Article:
|Publication number||US7889100 B2|
|Application number||US 11/838,637|
|Publication date||Feb 15, 2011|
|Priority date||Aug 14, 2007|
|Also published as||US20090045983|
|Publication number||11838637, 838637, US 7889100 B2, US 7889100B2, US-B2-7889100, US7889100 B2, US7889100B2|
|Inventors||Landon C. G. Miller|
|Original Assignee||International Business Machines Corporation|
|Export Citation||BiBTeX, EndNote, RefMan|
|Patent Citations (47), Non-Patent Citations (20), Referenced by (5), Classifications (8), Legal Events (4)|
|External Links: USPTO, USPTO Assignment, Espacenet|
The present invention is related to the subject matter of the following commonly assigned, copending United States patent applications: (1) Ser. No. 11/837,921 filed Aug. 21, 2007 entitled “Emergent Information Pattern Driven Sensor Networks”; (2) Ser. No. 11/837,955 filed Aug. 13, 2007 entitled “Emergent Information Database Management System”; (3) Ser. No. 11/838,684 filed Aug. 14, 2007 entitled “Pattern Driven Effectuator System”; (4) Ser. No. 11/838,729 filed Aug. 14, 2007 entitled “Anomaly Anti-Pattern”; and (5) Ser. No. 11/838,764 filed Aug. 14, 2007 entitled “Intelligence Driven Icons and Cursors”. The content of the above-referenced applications is incorporated herein by reference.
1. Technical Field
The present disclosure relates to the field of identifying friendly and potentially hostile marine vessels.
2. Description of the Related Art
Countries worldwide are susceptible to attacks from marine vessels, either by sovereign navies or by terrorists. Such marine vessels could be either (1) a weapon itself, such as a vessel that contains a load of Liquefied Natural Gas (LNG) or explosives, (2) a carrier of weapons that can be launched directly from the vessel, since vessels are able to easily penetrate coastal defenses by circumventing radar detection (e.g., through the use of small watercraft that are not visible to radar) or visual detection (e.g., by operating at night), or (3) an enabler of an attack, by employing subterfuge (e.g., by approaching a ship, harbor or shoreline by appearing to be engaged in harmless activity such as sightseeing, fishing, etc.) in delivering a weapon for the use of others. Likewise, when searching for such rogue vessels, one also needs to correctly identify “friendly” or non-threatening vessels as well in order to be able to quickly reduce the field of search and analysis to only those vessels which represent a possible threat. “Friendly” vessels are of two types: 1) authorized weapons carrying vessels such as the US Coast Guard, Police vessels, and the like, called “blue forces”; and 2) truly non-involved commercial and private vessels.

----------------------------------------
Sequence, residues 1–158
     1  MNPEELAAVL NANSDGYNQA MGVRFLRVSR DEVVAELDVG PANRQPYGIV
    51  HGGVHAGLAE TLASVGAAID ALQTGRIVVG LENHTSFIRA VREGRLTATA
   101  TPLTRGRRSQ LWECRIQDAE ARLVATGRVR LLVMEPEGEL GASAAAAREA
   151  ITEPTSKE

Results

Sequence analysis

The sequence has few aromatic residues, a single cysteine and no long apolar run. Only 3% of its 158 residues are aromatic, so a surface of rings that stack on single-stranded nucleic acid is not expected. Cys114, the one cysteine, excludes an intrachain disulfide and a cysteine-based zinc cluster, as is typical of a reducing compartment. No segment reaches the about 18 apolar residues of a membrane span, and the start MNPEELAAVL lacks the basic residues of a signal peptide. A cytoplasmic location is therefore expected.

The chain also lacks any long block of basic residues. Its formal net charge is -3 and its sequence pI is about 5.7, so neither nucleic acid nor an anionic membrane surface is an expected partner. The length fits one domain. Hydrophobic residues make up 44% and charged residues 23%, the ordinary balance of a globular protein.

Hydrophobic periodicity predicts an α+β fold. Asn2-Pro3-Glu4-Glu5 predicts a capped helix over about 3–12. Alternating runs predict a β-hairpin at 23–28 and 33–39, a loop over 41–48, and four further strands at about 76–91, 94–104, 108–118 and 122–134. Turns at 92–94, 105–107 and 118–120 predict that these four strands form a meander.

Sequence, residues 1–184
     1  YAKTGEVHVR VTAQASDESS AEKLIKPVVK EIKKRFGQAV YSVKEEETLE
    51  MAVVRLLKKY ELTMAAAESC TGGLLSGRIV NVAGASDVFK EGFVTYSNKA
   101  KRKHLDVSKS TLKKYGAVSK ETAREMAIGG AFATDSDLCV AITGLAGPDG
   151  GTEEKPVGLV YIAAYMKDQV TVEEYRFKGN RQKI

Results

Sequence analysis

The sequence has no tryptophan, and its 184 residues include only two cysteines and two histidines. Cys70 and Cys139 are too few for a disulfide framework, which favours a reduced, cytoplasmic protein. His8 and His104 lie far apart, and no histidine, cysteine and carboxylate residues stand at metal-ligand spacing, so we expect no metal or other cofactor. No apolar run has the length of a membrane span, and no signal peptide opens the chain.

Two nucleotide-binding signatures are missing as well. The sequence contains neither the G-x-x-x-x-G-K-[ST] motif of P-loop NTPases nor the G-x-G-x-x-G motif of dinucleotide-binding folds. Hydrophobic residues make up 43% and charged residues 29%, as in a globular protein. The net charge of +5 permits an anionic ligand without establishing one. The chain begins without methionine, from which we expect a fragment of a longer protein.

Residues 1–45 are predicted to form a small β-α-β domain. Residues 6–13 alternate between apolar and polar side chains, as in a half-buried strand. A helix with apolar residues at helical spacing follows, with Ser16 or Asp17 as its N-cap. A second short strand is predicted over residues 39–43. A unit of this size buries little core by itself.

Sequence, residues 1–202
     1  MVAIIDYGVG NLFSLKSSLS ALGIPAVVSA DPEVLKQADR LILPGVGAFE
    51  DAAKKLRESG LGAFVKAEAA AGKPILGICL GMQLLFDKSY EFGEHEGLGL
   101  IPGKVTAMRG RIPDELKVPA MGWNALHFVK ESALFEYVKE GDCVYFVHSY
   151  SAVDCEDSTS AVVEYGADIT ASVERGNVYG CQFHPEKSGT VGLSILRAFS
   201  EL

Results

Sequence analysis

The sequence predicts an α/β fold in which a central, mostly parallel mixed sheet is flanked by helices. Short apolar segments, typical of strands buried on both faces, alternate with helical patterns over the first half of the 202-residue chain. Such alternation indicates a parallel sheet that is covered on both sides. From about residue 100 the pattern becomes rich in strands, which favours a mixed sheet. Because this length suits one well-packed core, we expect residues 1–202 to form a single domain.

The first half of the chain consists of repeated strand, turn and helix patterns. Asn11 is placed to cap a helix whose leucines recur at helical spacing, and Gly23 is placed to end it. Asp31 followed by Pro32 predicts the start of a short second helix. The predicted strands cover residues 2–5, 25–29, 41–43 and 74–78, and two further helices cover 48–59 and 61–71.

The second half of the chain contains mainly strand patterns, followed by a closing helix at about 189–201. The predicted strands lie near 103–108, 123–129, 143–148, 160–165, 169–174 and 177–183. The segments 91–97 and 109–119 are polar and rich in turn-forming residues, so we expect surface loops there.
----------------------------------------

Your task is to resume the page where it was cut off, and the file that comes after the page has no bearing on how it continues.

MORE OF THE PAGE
A Water Friend or Foe System (WFFS) includes a Subscriber Identity Module (SIM) card in a SIM reader on a marine vessel. A transmitter, which is coupled to the SIM reader, transmits SIM card identification information from the marine vessel to a WFFS tracking station.
In one embodiment, if the SIM card or the SIM reader are tampered with or disabled, the propulsion system of the marine vessel is shut down, and/or an alarm is transmitted to the WFFS tracking system.
The above, as well as additional purposes, features, and advantages of the present invention will become apparent in the following detailed written description.
The novel features believed characteristic of the invention are set forth in the appended claims. The invention itself, however, as well as a preferred mode of use, further purposes and advantages thereof, will best be understood by reference to the following detailed description of an illustrative embodiment when read in conjunction with the accompanying drawings, where:
Presently disclosed is a Water Friend or Foe System (WFFS) that tracks the location and identity of maritime traffic. Each tracked marine vessel is equipped with a Subscriber Identity Module (SIM) card reader, which reads SIM cards that have been issued to authorized users. If the SIM card or reader is tampered with, an alarm is set off, and the marine vessel's propulsion system may be shut down.
With reference now to
Vessel information in the vessel licensing database 110 may be drawn, via an Internet 112 or similar network, from an international vessel registry 114, which is a consolidation of all licenses that permit a marine vessel to be sailing in international waters (defined as traveling more than 24 nautical miles from the nearest land mass). Alternatively, vessel licensing database 110 may include identification information for any marine vessel over a specified length (e.g., 17 feet) or displacement (e.g., over 10 tons).
On board a marine vessel 116 is a general purpose computer 118, shown in exemplary form in